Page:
Walking off the court following Friday's 56-48 loss to the Coquille Red Devils, the Gervais girls basketball team was forced to reckon with the stark realization of just how quickly fortunes can turn at the 2A State Quarterfinal tournament.
In the span of less than 24 hours, the Cougars went from eagerly anticipating the program's first game in Pendleton since 1995 to dejectedly leaving the arena as the first of two teams to go home without a trophy.
But for a team that achieved such success this season under the rallying cry to "run through the wall," it was important to come away with the understanding that the experience was less the conclusion of a book and more the closing of a chapter.
"I think everyone enjoyed the experience," head coach Kyle Buse said. "We know we took the step to get there, and there were so many teams that didn't get there."
The rise of the Gervais girls basketball program has been a slow and steady process, checking off goals and reaching milestones with each season. There was no meteoric rise from cellar-dwellar to state championship contender in the span of one off season. The team's success this year — a 23-6 record, a second-place finish in the Tri-Valley Conference to the state champion Kennedy Trojans, a quarterfinal berth in front of a standing-room only home crowd — was born from years of work, countless hours spent in empty gymnasiums during practice and summer league games.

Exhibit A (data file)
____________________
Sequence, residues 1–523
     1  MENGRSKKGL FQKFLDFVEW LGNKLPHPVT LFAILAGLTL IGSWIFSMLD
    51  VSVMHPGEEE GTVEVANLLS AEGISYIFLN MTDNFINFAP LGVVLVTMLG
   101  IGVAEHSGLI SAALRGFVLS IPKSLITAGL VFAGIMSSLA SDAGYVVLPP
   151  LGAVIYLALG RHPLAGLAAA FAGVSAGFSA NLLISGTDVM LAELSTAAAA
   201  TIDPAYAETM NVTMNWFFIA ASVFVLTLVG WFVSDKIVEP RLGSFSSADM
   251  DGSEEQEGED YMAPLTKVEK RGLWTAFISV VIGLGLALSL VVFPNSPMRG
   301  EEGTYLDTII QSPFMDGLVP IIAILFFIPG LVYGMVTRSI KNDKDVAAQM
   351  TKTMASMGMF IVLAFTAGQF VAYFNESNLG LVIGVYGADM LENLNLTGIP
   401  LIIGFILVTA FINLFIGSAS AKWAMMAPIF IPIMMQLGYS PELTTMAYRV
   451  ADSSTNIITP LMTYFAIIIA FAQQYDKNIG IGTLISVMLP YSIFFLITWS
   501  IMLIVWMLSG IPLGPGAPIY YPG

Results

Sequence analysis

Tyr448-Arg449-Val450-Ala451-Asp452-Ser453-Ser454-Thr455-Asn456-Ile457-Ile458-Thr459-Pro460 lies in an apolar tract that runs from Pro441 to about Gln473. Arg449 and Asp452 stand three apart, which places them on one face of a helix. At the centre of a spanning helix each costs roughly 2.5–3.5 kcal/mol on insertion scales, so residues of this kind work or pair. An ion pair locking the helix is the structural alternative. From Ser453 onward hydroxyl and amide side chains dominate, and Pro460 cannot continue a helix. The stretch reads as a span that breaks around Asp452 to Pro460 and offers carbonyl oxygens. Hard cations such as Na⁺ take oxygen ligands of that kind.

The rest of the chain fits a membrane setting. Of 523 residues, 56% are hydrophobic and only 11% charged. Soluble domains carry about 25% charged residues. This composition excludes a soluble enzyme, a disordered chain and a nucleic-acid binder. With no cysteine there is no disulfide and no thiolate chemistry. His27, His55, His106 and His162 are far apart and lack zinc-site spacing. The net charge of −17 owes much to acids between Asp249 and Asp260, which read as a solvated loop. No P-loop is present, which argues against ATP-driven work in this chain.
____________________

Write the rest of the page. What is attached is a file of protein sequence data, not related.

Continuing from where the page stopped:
Friday's loss to Coquille, coming on the heels of a 43-34 defeat to Bandon on Thursday, was simply another opportunity to learn — motivation for next season to prove that Gervais has earned a seat at the table along with the other elite 2A programs in the state.
"We took multiple steps forward," Buse said. "Next year will be that final step of where we want to land at. All the girls are in control of that of where they want to work. We're definitely hungry and we all started to talk about the off season, workouts, what summer is going to look like.
The Progenitor, Isabel Vasquez
Of course in the moment, leaving the Pendelton Convention Center before the weekend even begun can feel like a crushing weight of failed expectations, especially when its the last opportunity for the team's lone departing senior.
If anything, the current era of prosperity for the Gervais girls basketball program began three years ago at Sprague High School when then-freshman Isabel Vasquez sank a left-handed layup to lift the Cougars to a 26-24 victory over the Scio Loggers in the 3A PacWest Conference playoffs.
The win ended a five-year playoff drought for the girls basketball team and set a new level of expectations for a program that had finished at the bottom of the league standings just two years earlier.
"I think she definitely has put her mark on this program," Buse said. "She was here when I was coaching her at sixth grade, and we kind of started the belief and journey that we were going to get to the state tournament."